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Judge Lucy Koh of the United States District Court for the Northern District of California asked this very question during a panel discussion before a packed room of patent litigators that included Chief Judge Randall Rader of the United States Court of Appeals for the Federal Circuit.  The panel’s discussion was focused on the proper exceptional case standard for patent cases.  As a district court judge, most of Judge Koh’s cases involve areas of law other than patent law.  But given her recent experience at the center of the epic battle between Apple and Samsung, which no doubt takes much of her time away from the other cases on her docket, her question is understandable.  Indeed, what makes patent cases so special, or, in the cases of Octane Fitness, LLC v. Icon Health & Fitness, Inc. and Highmark, Inc. v. Allcare Health Management System, so exceptional?

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Peter J. Corcoran, III, Esq., M.S., LL.M.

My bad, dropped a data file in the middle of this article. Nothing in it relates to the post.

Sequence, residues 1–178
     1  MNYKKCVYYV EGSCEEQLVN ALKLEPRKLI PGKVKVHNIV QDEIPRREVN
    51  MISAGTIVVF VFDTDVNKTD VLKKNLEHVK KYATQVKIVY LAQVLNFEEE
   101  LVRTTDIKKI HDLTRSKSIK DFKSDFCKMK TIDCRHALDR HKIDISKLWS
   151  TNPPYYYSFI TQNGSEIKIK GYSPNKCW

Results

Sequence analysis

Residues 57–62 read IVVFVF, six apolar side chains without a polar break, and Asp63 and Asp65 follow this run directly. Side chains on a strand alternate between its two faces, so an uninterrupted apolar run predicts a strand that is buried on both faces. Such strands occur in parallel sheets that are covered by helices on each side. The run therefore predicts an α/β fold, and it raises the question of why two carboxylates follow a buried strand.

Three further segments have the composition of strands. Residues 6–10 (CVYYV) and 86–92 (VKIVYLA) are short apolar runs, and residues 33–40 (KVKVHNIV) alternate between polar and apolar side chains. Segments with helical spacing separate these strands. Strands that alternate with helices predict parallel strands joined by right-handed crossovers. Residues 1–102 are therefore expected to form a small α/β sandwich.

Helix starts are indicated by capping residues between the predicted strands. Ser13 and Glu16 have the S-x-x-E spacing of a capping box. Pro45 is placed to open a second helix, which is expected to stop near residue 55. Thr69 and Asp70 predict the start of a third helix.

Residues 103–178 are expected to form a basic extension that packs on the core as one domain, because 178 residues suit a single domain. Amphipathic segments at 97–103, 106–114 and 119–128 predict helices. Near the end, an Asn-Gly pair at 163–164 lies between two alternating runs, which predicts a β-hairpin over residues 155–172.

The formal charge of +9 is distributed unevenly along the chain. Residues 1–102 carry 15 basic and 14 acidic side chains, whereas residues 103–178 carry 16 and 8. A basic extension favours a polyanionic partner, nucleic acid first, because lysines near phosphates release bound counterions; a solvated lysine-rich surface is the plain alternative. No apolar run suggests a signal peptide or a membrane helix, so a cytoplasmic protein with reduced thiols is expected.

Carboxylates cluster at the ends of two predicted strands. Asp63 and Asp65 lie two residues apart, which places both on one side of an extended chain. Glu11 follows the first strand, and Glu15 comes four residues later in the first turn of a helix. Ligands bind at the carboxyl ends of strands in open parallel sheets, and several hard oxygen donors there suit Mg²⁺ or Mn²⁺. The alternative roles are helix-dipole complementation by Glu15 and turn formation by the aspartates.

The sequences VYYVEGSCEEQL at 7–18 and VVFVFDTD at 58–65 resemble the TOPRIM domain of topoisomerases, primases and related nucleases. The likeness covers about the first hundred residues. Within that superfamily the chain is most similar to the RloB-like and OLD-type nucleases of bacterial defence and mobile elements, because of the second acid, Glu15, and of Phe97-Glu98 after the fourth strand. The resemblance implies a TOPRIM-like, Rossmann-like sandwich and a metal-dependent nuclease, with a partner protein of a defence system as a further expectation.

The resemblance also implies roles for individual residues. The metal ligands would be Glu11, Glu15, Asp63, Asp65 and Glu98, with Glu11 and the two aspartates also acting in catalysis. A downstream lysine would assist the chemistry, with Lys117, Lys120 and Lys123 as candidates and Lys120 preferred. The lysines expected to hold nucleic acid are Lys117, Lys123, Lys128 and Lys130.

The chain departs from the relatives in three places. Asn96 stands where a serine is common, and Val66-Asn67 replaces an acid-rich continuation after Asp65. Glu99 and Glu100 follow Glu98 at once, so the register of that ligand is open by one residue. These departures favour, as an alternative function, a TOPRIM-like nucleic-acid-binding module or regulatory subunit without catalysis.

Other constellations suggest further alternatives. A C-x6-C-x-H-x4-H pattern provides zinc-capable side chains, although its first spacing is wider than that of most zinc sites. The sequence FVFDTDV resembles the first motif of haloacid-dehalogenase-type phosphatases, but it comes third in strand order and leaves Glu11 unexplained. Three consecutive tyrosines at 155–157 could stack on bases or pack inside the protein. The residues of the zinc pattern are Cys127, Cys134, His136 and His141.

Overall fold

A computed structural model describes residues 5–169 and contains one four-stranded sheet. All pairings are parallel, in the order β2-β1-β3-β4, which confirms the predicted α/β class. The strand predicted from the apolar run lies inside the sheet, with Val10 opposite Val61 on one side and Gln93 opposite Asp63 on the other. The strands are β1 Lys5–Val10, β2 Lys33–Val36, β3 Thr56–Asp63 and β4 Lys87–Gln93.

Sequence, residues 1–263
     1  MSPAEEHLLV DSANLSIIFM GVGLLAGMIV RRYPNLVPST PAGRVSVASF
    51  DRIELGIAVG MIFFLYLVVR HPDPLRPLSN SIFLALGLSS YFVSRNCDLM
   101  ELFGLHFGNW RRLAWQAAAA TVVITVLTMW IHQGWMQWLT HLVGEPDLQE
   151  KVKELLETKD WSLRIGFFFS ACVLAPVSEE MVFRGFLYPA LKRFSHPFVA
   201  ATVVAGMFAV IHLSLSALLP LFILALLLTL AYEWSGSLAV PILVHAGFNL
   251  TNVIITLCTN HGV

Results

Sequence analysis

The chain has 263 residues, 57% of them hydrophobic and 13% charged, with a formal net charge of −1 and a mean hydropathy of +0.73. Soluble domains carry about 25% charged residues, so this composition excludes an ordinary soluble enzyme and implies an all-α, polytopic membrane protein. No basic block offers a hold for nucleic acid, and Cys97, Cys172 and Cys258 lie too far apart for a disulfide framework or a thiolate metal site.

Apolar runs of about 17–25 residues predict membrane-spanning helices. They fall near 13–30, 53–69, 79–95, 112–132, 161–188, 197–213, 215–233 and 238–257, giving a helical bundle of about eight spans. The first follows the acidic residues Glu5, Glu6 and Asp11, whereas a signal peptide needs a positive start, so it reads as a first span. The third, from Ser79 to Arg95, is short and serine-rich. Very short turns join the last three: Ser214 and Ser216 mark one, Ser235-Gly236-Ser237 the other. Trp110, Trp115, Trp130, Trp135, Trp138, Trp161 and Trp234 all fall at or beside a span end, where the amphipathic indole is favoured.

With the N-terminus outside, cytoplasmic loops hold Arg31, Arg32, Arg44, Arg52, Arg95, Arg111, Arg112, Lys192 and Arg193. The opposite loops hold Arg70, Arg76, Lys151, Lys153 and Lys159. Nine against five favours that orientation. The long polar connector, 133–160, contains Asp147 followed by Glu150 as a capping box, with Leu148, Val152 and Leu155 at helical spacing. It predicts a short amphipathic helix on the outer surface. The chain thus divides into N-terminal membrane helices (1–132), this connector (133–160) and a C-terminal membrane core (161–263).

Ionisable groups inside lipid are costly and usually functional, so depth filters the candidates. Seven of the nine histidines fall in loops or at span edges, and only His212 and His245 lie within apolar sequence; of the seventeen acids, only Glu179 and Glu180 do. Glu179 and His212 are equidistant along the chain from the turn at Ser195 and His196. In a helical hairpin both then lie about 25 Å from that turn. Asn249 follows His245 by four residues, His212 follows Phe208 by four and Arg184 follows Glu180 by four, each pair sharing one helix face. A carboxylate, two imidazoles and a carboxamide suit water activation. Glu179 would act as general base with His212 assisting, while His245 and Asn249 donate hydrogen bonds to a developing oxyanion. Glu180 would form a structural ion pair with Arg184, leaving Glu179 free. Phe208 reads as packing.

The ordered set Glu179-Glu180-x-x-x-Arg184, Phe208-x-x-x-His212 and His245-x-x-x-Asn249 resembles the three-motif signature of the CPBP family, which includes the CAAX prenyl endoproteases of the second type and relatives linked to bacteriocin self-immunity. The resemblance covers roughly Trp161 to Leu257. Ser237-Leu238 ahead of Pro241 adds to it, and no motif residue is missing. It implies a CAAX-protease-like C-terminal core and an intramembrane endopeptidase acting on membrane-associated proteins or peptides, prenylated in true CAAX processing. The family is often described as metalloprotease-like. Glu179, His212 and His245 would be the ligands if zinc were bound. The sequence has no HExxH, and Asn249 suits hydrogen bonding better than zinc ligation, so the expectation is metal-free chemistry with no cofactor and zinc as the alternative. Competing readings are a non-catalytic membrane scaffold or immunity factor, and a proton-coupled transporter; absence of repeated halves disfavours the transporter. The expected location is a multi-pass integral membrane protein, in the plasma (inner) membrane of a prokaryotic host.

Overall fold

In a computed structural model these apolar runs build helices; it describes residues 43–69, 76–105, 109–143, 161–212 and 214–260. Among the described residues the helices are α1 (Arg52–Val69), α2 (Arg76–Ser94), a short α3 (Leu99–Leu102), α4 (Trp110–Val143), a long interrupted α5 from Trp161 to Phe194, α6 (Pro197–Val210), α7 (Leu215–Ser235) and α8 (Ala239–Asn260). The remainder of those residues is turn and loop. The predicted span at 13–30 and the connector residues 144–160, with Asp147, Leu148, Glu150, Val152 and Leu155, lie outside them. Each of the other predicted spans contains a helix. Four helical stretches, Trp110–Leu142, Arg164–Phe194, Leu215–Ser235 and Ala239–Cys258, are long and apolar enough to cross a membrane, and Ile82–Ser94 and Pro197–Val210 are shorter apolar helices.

Peter ("Pete") Corcoran is the founder of Corcoran IP Law, PLLC. Mr. Corcoran’s practice is focused on contingency fee patent litigation, trials, appeals, licensing, and monetization throughout the United States. Mr. Corcoran has litigated dozens of patent infringement cases from complaint through trial and appeal, including fact and expert discovery, depositions, infringement and invalidity contentions, expert reports, technology tutorials, claim construction, and transfer, discovery, dispositive, trial, and post-trial motions. He has a unique familiarity with patent law, local patent rules, and procedures in the federal district and appeals courts, especially in the United States District Court for the Eastern District of Texas and the United States Court of Appeals for the Federal Circuit. Mr. Corcoran served as a law clerk to retired Chief Judge Randall Rader of the Federal Circuit and to retired Chief Judge David Folsom of the Eastern District of Texas. From these clerkships and his litigation experience, Mr. Corcoran provides his clients with a distinctive and unparalleled understanding of the federal district courts and the Federal Circuit. Before founding Corcoran IP Law, Mr. Corcoran worked as a patent litigator at Kirkland & Ellis and Winston & Strawn—two of the nation’s top patent litigation firms. He also worked as a patent litigator at Thompson & Knight in Dallas and at the contingency patent litigation boutique Antonelli, Harrington & Thompson in Houston. At these firms, Mr. Corcoran gained the valuable patent litigation experience and creative skills that he continues to provide his clients. During law school, Mr. Corcoran was a patent examiner at the United States Patent and Trademark Office ("PTO") for four years, where he examined hundreds of patent applications in the speech signal processing and computer software arts. This experience provided Mr. Corcoran with firsthand knowledge of the patent application process and Patent Office procedures. Before law school, Mr. Corcoran worked for Harris Corporation, developing user-interface software for the nation’s air traffic control system. This experience, in addition to his PTO experience, provided Mr. Corcoran with valuable knowledge of commercial software design, development, and testing that he uses when representing his clients in software patent infringement suits. Mr. Corcoran’s bachelor and master’s degrees in electrical engineering, and his master’s degree in intellectual property (“IP”) law, provide him an even deeper understanding of electrical, computer, software, semiconductor, and telecommunications technologies and their relationship to patent law. Mr. Corcoran frequently writes and speaks about the latest intellectual property topics and is an active member of multiple Texas and national IP bar associations. Mr. Corcoran served in the United States Navy (active duty and reserves) and retired as a “Mustang” Commander (O-5) after beginning his career nearly twenty-seven years earlier as an enlisted Airman (E-1). For nineteen years, Commander Corcoran constructed, maintained, and modernized nuclear submarines, surface ships, and nuclear aircraft carriers as a project manager and engineer. He continues to serve veterans by representing them pro bono before the United States Court of Appeals for Veterans Claims and the Federal Circuit involving veterans' benefits claims.

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